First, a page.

Jan03  Feb03  Mar03  Apr03  May03  Jun03  Jul03  Aug03  Sep03  Oct03  Nov03  Dec03
 Jan02  Feb02  Mar02  Apr02  May02  Jun02  Jul02 Aug02  Sep02  Oct02  Nov02  Dec02 

eXTReMe Tracker
jack of diamonds
Life viewed from London E3

» email me
» follow me on twitter
» follow the blog on Twitter
» follow the blog on RSS

» my flickr photostream

twenty blogs
ian visits
blue witch
the great wen
edith's streets
spitalfields life
in the aquarium
round the island
wanstead meteo
christopher fowler
ruth's coastal walk
the ladies who bus
round the rails we go
london reconnections
dirty modern scoundrel
from the murky depths
exploring urban wastelands

quick reference features
Things to do in Outer London
Things to do outside London
Inner London toilet map
The DG Tour of Britain

read the archive
Jun21  May21
Apr21  Mar21  Feb21  Jan21
Dec20  Nov20  Oct20  Sep20
Aug20  Jul20  Jun20  May20
Apr20  Mar20  Feb20  Jan20
Dec19  Nov19  Oct19  Sep19
Aug19  Jul19  Jun19  May19
Apr19  Mar19  Feb19  Jan19
Dec18  Nov18  Oct18  Sep18
Aug18  Jul18  Jun18  May18
Apr18  Mar18  Feb18  Jan18
Dec17  Nov17  Oct17  Sep17
Aug17  Jul17  Jun17  May17
Apr17  Mar17  Feb17  Jan17
Dec16  Nov16  Oct16  Sep16
Aug16  Jul16  Jun16  May16
Apr16  Mar16  Feb16  Jan16
Dec15  Nov15  Oct15  Sep15
Aug15  Jul15  Jun15  May15
Apr15  Mar15  Feb15  Jan15
Dec14  Nov14  Oct14  Sep14
Aug14  Jul14  Jun14  May14
Apr14  Mar14  Feb14  Jan14
Dec13  Nov13  Oct13  Sep13
Aug13  Jul13  Jun13  May13
Apr13  Mar13  Feb13  Jan13
Dec12  Nov12  Oct12  Sep12
Aug12  Jul12  Jun12  May12
Apr12  Mar12  Feb12  Jan12
Dec11  Nov11  Oct11  Sep11
Aug11  Jul11  Jun11  May11
Apr11  Mar11  Feb11  Jan11
Dec10  Nov10  Oct10  Sep10
Aug10  Jul10  Jun10  May10
Apr10  Mar10  Feb10  Jan10
Dec09  Nov09  Oct09  Sep09
Aug09  Jul09  Jun09  May09
Apr09  Mar09  Feb09  Jan09
Dec08  Nov08  Oct08  Sep08
Aug08  Jul08  Jun08  May08
Apr08  Mar08  Feb08  Jan08
Dec07  Nov07  Oct07  Sep07
Aug07  Jul07  Jun07  May07
Apr07  Mar07  Feb07  Jan07
Dec06  Nov06  Oct06  Sep06
Aug06  Jul06  Jun06  May06
Apr06  Mar06  Feb06  Jan06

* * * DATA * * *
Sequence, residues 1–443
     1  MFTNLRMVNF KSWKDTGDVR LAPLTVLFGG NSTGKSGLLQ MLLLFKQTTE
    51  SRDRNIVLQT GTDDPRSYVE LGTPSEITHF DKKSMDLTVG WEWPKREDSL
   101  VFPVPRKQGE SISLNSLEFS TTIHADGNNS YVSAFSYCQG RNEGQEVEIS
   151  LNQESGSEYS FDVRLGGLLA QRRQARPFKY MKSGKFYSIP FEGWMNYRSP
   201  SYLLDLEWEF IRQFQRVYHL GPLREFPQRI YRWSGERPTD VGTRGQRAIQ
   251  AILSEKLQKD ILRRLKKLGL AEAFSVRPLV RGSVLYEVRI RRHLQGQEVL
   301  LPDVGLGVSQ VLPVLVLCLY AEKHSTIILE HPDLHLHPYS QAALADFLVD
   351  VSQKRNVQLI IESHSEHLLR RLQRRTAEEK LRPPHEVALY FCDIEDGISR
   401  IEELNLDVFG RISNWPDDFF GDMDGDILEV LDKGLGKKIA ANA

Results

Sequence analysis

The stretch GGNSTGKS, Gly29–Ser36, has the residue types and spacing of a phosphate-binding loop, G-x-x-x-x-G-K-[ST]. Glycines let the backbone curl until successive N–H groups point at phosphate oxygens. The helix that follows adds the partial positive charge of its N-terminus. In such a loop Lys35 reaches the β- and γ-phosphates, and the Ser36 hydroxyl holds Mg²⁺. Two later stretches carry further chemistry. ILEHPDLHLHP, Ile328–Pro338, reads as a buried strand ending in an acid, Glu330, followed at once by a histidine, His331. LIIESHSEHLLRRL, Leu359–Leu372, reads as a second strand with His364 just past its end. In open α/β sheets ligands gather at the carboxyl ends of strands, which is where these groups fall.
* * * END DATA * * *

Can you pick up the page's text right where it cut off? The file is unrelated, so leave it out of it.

Dec05  Nov05  Oct05  Sep05
Aug05  Jul05  Jun05  May05
Apr05  Mar05  Feb05  Jan05
Dec04  Nov04  Oct04  Sep04
Aug04  Jul04  Jun04  May04
Apr04  Mar04  Feb04  Jan04
Dec03  Nov03  Oct03  Sep03
Aug03  Jul03  Jun03  May03
Apr03  Mar03  Feb03  Jan03
Dec02  Nov02  Oct02  Sep02
back to main page

the diamond geezer index
2020 2019 2018 2017 2016
2015 2014 2013 2012 2011
2010 2009 2008 2007 2006
2005 2004 2003 2002

my special London features
a-z of london museums
E3 - local history month
greenwich meridian (N)
greenwich meridian (S)
the real eastenders
london's lost rivers
olympic park 2007
great british roads
oranges & lemons
random boroughs
bow road station
high street 2012
river westbourne
trafalgar square
capital numbers
east london line
lea valley walk
olympics 2005
regent's canal
square routes
silver jubilee
unlost rivers
cube routes
Herbert Dip
capital ring
river fleet

ten of my favourite posts
the seven ages of blog
my new Z470xi mobile
five equations of blog
the dome of doom
chemical attraction
quality & risk
london 2102
single life
april fool

ten sets of lovely photos
my "most interesting" photos
london 2012 olympic zone
harris and the hebrides
betjeman's metro-land
marking the meridian
tracing the river fleet
london's lost rivers
inside the gherkin
seven sisters

just surfed in?
here's where to find...
diamond geezers
flash mob #1  #2  #3  #4
ben schott's miscellany
london underground
watch with mother
cigarette warnings
digital time delay
wheelie suitcases
war of the worlds
transit of venus
top of the pops
old buckenham
ladybird books
acorn antiques
digital watches
outer hebrides
olympics 2012
school dinners
pet shop boys
west wycombe
bletchley park
george orwell
big breakfast
clapton pond
san francisco
children's tv
east enders
trunk roads
little britain
credit cards
jury service
big brother
jubilee line
number 1s
titan arum
doctor who
blue peter
peter pan
feng shui
leap year
bbc three
vision on
ID cards